James Craig Annan (Scottish, 1864-1946)

Annan was a pioneer in the technique of photogravure, a time-intensive method of photographic intaglio printing using copper plates. He was known for his commercial portrait photography, as well as personal portraiture, genre scenes, and landscapes.
For instance, British actress Ellen Terry is framed by a dark studio background. Annan used the subtleties of photogravure to his advantage; his photographs are notable for their painterly quality, delicate textures, and soft shifts in light. He advocated for photography to be held in equal standing with painting and drawing.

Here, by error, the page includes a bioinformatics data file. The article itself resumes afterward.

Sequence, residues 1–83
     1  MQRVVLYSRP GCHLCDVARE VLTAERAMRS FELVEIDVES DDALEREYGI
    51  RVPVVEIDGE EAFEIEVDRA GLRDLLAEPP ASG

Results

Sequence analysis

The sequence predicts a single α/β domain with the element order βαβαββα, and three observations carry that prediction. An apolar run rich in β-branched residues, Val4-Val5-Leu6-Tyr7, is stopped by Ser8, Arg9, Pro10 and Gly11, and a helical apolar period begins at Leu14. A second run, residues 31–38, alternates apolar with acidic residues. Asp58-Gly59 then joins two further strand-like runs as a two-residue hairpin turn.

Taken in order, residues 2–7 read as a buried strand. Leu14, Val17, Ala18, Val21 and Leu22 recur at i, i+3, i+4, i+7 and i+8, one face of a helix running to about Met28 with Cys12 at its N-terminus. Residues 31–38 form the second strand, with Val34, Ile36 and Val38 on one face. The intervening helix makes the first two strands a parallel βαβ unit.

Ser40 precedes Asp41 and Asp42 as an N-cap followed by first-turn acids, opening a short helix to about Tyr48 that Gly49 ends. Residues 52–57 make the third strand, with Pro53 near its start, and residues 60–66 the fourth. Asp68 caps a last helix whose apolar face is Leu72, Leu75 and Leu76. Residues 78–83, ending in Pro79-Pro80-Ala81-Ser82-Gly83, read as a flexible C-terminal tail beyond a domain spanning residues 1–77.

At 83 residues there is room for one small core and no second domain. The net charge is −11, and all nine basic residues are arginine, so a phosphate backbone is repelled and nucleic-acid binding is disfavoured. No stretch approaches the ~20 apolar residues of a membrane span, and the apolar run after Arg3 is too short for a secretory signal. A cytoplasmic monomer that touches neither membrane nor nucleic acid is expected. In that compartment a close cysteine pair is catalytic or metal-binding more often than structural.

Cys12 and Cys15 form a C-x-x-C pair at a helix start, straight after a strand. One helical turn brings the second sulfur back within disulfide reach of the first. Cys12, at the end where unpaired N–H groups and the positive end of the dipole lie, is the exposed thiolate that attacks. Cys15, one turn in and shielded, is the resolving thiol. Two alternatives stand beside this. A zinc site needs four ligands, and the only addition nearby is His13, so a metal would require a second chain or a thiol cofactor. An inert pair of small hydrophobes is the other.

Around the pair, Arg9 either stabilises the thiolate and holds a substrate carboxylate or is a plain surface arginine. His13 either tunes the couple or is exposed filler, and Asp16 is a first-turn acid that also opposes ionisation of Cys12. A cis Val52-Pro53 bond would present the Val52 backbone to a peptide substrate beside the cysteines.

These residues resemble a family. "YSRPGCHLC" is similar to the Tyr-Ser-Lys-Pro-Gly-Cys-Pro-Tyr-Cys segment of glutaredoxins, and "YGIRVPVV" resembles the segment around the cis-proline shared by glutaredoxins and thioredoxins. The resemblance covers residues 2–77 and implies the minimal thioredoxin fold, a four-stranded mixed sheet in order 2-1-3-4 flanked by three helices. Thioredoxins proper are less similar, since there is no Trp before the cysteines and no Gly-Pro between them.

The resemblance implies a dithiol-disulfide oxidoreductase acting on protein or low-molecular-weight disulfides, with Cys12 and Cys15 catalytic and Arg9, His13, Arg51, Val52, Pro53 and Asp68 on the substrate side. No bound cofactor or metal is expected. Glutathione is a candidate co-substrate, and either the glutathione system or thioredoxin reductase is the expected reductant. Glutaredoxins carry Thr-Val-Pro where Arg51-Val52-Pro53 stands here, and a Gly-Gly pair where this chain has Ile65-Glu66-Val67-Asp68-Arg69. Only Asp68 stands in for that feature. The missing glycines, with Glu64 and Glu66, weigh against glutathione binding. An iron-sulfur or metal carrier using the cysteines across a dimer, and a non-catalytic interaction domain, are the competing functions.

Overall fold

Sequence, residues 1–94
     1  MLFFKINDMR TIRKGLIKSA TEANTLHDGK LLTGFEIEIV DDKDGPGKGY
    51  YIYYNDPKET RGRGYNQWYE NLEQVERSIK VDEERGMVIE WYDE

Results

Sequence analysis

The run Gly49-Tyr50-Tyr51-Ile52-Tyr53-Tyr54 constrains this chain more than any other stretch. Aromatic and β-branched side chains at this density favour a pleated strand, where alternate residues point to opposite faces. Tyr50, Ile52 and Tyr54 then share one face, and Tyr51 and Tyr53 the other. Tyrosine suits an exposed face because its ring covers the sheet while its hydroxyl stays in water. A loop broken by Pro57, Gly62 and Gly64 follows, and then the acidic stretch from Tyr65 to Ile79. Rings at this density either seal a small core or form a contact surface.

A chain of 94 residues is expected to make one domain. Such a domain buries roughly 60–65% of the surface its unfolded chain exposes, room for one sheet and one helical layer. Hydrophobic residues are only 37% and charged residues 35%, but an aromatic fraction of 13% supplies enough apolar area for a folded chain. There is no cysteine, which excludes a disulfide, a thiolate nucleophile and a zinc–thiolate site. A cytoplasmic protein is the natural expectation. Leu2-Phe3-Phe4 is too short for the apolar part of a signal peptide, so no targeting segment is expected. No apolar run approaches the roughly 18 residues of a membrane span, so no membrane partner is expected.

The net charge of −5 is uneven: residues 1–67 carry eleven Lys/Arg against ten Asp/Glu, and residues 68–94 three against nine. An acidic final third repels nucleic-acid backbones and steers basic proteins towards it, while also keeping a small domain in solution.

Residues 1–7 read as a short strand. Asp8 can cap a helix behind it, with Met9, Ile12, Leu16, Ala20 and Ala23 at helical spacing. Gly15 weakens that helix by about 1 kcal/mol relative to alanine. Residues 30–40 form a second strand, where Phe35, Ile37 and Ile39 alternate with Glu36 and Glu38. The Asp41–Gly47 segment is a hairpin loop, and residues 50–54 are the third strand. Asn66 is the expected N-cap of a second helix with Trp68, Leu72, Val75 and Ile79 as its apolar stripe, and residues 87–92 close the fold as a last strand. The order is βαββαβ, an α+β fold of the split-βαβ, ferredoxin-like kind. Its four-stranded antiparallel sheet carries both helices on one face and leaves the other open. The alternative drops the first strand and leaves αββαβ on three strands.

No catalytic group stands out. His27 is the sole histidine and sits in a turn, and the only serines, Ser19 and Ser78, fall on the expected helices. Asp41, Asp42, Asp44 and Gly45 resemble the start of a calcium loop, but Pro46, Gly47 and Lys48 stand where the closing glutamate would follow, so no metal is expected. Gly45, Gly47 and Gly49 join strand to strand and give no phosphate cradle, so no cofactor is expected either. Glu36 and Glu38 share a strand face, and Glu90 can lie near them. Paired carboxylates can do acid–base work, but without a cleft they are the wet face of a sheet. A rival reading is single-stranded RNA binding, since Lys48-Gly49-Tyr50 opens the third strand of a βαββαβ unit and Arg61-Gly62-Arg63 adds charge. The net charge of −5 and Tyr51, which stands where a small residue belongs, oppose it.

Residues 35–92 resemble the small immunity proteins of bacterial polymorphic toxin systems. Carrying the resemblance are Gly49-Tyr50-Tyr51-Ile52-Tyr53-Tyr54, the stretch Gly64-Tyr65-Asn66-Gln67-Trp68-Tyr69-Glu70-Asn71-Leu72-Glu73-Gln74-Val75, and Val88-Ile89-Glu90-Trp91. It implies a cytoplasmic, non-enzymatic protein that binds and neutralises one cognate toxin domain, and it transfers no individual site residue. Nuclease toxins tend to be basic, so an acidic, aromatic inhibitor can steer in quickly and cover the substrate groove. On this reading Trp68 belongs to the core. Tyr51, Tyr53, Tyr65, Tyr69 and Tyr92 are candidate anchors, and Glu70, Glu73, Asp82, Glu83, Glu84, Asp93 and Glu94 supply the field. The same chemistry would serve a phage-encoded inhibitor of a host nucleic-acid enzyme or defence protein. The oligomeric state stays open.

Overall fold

Son of photographer Thomas Annan, he studied chemistry and natural philosophy at Anderson’s College in Glasgow before returning home to work at the family photography studio. Annan then moved to Vienna with his father to learn the technique of photogravure from an early inventor of the process, artist Karel Klíč. Known for both his commercial and personal work, Annan was named to the Linked Ring in 1894—a society of British photographers who sought to establish photography’s place within the fine art world. Annan was exhibited at the Royal Photographic Society in London; the Paris Salon; and Alfred Stieglitz’s Photo-Secession Galleries in New York. His work can be found at the National Galleries of Scotland; The Metropolitan Museum of Art, New York; and the National Portrait Gallery, London.